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Ebola Modeling, Microbial Community Cross-Feeding, and Detecting Concussion: the PLOS Comp Biol December 2016 Issue

Check out our highlights from the last PLOS Computational Biology issue of 2016:


Cumulative incidence map of Guinea, Sierra Leone and Liberia. Image Credit: Backer, Wallinga.
Cumulative incidence map of Guinea, Sierra Leone and Liberia. Image Credit: Backer, Wallinga.

Spatiotemporal Analysis of the 2014 West African Ebola Epidemic


Infectious disease modelling has become an established tool to inform decisions in infection control. However, for outbreaks that are spread over various adjacent districts or countries, such as the Ebola epidemic in West Africa, few modelling approaches are available that can analyse the spatiotemporal data. To study the epidemic spread within and between districts and countries, Jantien A. Backer and Jacco Wallinga have developed an analysis method that uses these data at their full resolution.



Stability of Cross-Feeding Polymorphisms in Microbial Communities

Cross-feeding, a relationship wherein one organism consumes metabolites excreted by another, is a ubiquitous feature of natural and clinically-relevant microbial communities (and even tumor cell populations). However, it remains unclear how readily such relationships form, and our ability to predict their emergence is therefore limited. Ivana Gudelj and colleagues have developed a mathematical model of cross-feeding and found that this system can display complex dynamics including multi-stable behaviour separated by a critical point.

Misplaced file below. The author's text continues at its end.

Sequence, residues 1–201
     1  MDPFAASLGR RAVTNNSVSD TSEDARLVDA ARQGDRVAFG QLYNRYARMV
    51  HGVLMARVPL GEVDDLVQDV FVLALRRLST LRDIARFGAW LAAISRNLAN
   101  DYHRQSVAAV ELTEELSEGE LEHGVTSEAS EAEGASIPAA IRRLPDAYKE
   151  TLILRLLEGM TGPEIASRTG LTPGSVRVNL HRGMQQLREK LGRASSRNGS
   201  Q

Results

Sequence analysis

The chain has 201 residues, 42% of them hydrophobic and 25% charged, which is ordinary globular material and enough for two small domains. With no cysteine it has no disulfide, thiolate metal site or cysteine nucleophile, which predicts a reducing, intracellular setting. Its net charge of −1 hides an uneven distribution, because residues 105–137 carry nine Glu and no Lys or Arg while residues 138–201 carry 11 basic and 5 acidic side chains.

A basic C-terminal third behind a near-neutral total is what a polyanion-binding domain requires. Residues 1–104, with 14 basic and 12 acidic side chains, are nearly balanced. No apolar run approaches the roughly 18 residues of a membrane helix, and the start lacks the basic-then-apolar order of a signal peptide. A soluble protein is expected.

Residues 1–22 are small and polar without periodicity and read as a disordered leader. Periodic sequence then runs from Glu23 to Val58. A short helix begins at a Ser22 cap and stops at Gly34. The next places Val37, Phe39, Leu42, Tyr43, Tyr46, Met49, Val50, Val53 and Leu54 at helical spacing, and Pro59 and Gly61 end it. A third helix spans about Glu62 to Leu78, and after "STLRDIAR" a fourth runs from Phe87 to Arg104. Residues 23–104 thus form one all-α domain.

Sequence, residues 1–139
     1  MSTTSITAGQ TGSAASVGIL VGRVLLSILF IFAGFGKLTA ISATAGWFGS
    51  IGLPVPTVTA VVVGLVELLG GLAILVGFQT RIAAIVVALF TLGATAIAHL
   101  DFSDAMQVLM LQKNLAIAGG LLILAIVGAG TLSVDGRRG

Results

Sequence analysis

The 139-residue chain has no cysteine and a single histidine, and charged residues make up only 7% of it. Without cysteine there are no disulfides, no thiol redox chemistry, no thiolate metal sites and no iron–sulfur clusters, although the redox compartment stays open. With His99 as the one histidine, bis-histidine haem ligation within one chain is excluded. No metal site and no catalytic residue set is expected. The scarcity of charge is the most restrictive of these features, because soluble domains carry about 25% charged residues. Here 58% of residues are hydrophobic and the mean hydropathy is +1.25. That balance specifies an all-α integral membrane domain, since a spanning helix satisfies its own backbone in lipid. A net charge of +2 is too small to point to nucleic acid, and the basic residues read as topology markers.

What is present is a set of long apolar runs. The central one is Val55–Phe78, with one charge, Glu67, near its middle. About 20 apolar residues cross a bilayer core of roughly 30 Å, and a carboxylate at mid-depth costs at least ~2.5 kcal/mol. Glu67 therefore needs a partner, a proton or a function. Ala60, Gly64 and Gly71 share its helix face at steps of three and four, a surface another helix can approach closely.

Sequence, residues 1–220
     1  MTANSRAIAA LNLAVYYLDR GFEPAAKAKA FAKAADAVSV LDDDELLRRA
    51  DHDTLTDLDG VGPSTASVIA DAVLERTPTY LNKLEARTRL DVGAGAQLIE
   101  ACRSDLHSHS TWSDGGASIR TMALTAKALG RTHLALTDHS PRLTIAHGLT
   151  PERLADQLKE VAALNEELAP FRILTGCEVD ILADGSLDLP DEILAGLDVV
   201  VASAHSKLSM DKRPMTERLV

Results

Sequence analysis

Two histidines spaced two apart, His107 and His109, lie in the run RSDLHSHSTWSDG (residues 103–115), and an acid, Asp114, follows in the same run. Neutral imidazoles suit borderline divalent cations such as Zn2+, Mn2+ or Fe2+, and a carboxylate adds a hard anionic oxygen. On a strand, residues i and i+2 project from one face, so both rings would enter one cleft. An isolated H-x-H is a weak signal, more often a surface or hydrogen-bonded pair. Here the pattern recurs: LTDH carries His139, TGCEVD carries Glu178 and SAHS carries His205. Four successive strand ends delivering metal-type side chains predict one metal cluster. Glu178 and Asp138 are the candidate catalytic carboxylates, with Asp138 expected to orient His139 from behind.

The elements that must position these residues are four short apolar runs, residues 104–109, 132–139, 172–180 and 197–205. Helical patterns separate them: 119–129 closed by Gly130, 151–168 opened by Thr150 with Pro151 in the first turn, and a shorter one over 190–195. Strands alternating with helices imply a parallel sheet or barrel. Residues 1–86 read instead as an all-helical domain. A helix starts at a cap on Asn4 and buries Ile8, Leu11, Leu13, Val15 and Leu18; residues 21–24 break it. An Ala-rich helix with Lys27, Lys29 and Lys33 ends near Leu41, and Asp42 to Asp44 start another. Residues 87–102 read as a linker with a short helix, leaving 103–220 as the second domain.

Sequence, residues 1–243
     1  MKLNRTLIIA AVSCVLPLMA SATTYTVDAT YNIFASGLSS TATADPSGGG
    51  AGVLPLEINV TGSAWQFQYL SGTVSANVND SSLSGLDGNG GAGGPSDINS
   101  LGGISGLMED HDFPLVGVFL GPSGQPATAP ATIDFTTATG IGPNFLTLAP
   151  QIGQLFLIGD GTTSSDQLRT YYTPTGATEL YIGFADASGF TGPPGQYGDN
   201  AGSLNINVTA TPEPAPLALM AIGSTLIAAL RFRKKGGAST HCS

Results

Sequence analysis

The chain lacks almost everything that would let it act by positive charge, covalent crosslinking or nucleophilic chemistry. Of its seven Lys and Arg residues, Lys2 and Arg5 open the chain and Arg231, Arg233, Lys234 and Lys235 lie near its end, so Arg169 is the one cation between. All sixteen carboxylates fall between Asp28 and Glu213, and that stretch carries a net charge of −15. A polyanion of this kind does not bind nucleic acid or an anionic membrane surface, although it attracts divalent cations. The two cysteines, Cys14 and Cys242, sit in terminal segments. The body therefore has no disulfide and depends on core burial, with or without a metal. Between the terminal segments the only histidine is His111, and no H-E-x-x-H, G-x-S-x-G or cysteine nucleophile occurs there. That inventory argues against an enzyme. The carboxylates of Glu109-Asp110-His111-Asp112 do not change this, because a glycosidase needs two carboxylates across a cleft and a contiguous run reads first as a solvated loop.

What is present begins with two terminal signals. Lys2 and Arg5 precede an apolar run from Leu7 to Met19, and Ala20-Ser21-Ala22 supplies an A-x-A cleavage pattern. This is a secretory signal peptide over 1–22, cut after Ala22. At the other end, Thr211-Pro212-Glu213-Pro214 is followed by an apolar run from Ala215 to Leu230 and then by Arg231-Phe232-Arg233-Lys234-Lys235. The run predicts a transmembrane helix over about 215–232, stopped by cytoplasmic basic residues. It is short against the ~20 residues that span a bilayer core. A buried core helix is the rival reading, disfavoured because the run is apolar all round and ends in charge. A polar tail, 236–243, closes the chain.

Detecting Mild Traumatic Brain Injury Using Resting State MEG Connectivity


Spatial distribution of 33 best features (connectivity at alpha frequencies), which were used for prediction. Image Credit: Vakorin et al.
Spatial distribution of 33 best features (connections) for detection of mTBI. Image Credit: Vakorin et al.

Detecting concussion is typically not possible using current clinically-used brain imaging, such as MRI and CT scans. Magnetoencephalographic (MEG) imaging is able to directly measure brain activity at fast time scales, and this can be used to map how various areas of the brain interact. Vasily A. Vakorin and colleagues have recorded MEG from individuals who have suffered a concussion, as well as control subjects who have not, and found characteristic alterations of inter-regional interactions associated with concussion.


Header Image Credit: Renaud Bastien & Yasmine Meroz

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